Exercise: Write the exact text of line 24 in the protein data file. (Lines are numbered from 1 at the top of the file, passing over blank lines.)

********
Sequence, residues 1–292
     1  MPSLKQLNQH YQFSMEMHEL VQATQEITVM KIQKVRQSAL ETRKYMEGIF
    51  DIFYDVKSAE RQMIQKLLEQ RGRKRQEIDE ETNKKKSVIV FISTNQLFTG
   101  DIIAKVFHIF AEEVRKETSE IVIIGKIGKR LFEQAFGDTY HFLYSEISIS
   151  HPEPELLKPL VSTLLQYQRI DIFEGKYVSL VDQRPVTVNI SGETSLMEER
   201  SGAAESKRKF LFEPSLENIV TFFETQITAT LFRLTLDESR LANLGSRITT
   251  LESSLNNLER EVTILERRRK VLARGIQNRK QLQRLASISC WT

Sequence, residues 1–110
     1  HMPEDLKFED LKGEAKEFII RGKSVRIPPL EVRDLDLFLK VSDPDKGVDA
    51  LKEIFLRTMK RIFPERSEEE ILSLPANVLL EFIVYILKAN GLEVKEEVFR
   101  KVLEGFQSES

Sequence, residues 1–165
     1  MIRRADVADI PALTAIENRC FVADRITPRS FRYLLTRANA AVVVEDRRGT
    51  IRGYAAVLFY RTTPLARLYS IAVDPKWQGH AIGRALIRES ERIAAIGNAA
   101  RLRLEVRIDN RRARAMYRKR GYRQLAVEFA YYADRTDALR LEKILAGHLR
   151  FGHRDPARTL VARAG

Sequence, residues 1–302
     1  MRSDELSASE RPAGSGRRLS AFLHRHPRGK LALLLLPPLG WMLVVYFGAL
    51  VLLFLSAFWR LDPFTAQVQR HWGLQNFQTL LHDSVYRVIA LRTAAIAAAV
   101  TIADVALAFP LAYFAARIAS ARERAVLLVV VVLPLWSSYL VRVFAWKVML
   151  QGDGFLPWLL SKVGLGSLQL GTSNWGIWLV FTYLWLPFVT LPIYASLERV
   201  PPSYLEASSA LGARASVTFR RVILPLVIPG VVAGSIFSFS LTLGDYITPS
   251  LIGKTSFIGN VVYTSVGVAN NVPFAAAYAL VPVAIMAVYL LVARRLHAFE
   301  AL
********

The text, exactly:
   301  AL